Dave Gibson, The Social Contract, Summer 2019
Both so-called “rideshare” services, Uber and Lyft have a history of hiring illegal aliens, along with many “migrants” from countries whose culture views women and children as nothing more than property. Not surprisingly, at least 395 women were sexually assaulted as a result of using both of the popular ridesharing services between 2013 and 2018, according to the watchdog website “Who’s Driving You?”1
In 2017, the state of Colorado actually fined Uber $8.9 million for allowing people with criminal convictions to work as drivers.
Perhaps, the most notorious incident, though buried by the national press, once it was discovered the perpetrator was an illegal alien, was the case of the man who came to be known as the “Rideshare Rapist.”
On July 16, 2018, 37-year-old Orlando Lazo was taken into custody and charged with a string of sexual assaults, all of which took place in the San Francisco area.
Initially, the mainstream media claimed that he merely “posed” as a driver for both Uber and Lyft, but was not employed by either of the rideshare giants.
However, KRON 4 News reported receiving the following statement from Lyft:
We have confirmed that this person did drive for Lyft, but as soon as we were made aware of these horrific and deeply disturbing allegations, we immediately deactivated him. We are still investigating at this time, but with the information presented, we have no reason to believe these incidents occurred on the platform.2
Police were able to link the illegal alien from Peru to four rapes, through DNA evidence. But, given the fact that the four attacks occurred between 2013 and 2018, detectives believe there are likely many more victims.
Lazo was charged with four counts each of rape, false imprisonment, and kidnapping. He was booked into the San Francisco County Jail without bail. U.S. Immigration and Customs Enforcement (ICE) has also filed a detainer against the Peruvian national.
All of the victims used ridesharing apps, when leaving bars in San Francisco, only to be driven to a remote location and raped.
What follows is a list involving both Uber and Lyft drivers from foreign countries, who sexually assaulted their passengers:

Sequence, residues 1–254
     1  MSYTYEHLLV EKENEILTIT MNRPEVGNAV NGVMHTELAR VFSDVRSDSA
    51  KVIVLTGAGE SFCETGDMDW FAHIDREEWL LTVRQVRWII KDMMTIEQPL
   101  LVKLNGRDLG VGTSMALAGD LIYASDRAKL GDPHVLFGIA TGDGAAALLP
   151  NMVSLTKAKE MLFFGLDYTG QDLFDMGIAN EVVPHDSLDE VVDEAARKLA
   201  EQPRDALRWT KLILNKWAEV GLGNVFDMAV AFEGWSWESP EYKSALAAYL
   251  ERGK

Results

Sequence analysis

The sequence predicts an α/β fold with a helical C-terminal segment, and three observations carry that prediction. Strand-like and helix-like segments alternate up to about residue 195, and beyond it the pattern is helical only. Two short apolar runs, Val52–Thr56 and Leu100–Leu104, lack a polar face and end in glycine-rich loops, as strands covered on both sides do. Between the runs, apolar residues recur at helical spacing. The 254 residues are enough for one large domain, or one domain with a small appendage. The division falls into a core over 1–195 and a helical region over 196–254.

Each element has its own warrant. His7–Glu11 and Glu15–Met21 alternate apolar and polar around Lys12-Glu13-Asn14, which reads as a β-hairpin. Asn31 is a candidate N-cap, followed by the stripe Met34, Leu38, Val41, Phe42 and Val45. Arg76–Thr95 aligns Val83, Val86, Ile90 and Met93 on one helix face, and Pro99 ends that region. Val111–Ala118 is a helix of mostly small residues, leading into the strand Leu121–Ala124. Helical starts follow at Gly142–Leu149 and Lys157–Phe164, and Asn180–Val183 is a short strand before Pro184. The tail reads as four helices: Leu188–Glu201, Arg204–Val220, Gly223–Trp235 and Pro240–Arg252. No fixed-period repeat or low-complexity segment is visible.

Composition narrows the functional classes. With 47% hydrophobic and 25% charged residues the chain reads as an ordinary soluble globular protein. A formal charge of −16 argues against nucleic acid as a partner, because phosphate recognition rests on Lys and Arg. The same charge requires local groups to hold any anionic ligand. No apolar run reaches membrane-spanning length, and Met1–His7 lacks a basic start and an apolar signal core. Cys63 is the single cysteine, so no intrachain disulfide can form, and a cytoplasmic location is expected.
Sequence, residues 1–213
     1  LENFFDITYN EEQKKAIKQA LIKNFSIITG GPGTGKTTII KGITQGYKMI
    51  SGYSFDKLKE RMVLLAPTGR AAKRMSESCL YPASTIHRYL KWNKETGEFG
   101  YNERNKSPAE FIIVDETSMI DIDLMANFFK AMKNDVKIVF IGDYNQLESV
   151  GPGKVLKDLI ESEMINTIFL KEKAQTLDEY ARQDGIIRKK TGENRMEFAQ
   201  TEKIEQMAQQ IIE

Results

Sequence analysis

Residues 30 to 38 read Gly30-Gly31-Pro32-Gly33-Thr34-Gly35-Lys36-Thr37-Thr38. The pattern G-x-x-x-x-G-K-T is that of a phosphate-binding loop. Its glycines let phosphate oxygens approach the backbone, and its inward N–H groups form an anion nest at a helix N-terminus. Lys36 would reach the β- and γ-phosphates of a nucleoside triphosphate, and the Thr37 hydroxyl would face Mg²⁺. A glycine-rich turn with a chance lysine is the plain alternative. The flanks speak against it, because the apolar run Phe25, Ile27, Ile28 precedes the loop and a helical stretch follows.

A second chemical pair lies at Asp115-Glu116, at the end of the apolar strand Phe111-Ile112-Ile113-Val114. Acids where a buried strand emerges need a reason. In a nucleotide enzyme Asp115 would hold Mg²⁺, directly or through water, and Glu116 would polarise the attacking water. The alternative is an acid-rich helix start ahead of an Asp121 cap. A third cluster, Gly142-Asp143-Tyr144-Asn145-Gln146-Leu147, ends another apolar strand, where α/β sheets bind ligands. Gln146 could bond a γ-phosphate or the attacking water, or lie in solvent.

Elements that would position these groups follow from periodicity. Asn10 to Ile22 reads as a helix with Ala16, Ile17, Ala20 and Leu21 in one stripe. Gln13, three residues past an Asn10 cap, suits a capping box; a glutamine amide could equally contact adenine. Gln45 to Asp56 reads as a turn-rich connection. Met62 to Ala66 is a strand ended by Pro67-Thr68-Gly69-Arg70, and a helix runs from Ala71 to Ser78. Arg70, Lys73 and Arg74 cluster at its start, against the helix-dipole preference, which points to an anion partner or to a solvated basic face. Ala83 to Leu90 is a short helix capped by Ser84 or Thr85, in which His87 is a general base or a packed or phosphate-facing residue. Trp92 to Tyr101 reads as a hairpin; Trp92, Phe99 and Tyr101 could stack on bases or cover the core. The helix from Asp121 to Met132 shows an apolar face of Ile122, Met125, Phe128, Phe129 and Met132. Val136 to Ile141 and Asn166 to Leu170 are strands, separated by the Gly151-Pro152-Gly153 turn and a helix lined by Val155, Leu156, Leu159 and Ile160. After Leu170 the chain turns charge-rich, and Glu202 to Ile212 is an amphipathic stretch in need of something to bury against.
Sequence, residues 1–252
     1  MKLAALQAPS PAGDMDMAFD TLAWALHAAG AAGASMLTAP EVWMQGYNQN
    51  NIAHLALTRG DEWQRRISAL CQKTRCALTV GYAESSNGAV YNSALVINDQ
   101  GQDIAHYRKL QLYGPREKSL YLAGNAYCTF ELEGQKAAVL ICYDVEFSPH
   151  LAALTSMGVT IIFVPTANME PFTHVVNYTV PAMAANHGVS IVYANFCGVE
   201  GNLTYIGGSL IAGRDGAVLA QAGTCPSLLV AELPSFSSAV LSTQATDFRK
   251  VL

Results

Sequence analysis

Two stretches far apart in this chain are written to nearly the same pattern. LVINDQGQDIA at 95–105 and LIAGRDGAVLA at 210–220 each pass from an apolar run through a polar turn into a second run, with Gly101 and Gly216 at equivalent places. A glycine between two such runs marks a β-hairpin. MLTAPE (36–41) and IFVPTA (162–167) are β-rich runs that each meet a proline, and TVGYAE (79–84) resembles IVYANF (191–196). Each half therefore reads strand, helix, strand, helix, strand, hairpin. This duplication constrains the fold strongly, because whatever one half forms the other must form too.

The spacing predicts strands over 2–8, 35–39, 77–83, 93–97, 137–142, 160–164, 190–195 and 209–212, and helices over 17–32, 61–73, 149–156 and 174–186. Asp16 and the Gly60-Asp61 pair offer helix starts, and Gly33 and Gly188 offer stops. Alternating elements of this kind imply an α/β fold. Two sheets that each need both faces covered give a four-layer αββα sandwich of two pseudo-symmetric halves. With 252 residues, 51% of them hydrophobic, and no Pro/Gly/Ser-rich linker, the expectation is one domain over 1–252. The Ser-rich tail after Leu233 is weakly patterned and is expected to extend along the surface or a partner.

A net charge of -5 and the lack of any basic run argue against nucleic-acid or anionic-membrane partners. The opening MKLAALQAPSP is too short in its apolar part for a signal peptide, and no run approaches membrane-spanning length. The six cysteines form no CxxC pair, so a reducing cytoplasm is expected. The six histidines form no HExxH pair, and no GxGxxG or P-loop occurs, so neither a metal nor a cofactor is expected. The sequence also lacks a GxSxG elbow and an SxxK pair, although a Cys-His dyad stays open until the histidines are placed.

• In May 2019, police in Berkeley, California, arrested Ethiopian national, Gebrele Abebe Amare, 23, after he reportedly trapped two women in his vehicle, in two separate incidents.
During the first, Amare picked up a woman on her way to work, but during the ride, he told her he would take her “to a room,” instead, according to the victim. The Uber driver refused to stop the car, and would not allow her to use her phone.
The woman only escaped by jumping from the moving car, even as Amare sped up. Though she suffered several injuries, she managed to run to a nearby gas station for help.
Later the same morning, police say Amare picked up another Uber customer, this time a teenage girl. According to court records, Amare touched the victim on her thigh, locked the doors, refused to let her out of the car.
He only ended up releasing the girl when she threatened to break the windows.
Amare was arrested on May 9 in the area of Ashby and Telegraph. The two women were able to identify Amare in a photo line-up. Both provided police with documentation from Uber that showed Amare’s first name and identified him and his vehicle.3
Amare was charged with two felony charges of kidnapping with intent to rape. He confessed to kidnapping the first victim, saying he wanted to have sex with her and “pimp” her.
• In March 2019, police in Boston arrested 37-year-old Daudah Mayanja, a Ugandan national, and charged him with two counts of rape. The Uber driver’s victim required hospitalization following the brutal attack.The rape occurred at approximately 1:15 a.m., inside Mayanja’s vehicle, while parked on Storrow Drive near the Hatch Memorial Shell, according to a police report.
An Uber spokesperson has released the following statement: “What’s been reported is horrible and something no one should ever go through. We stand ready to support law enforcement with their investigation.”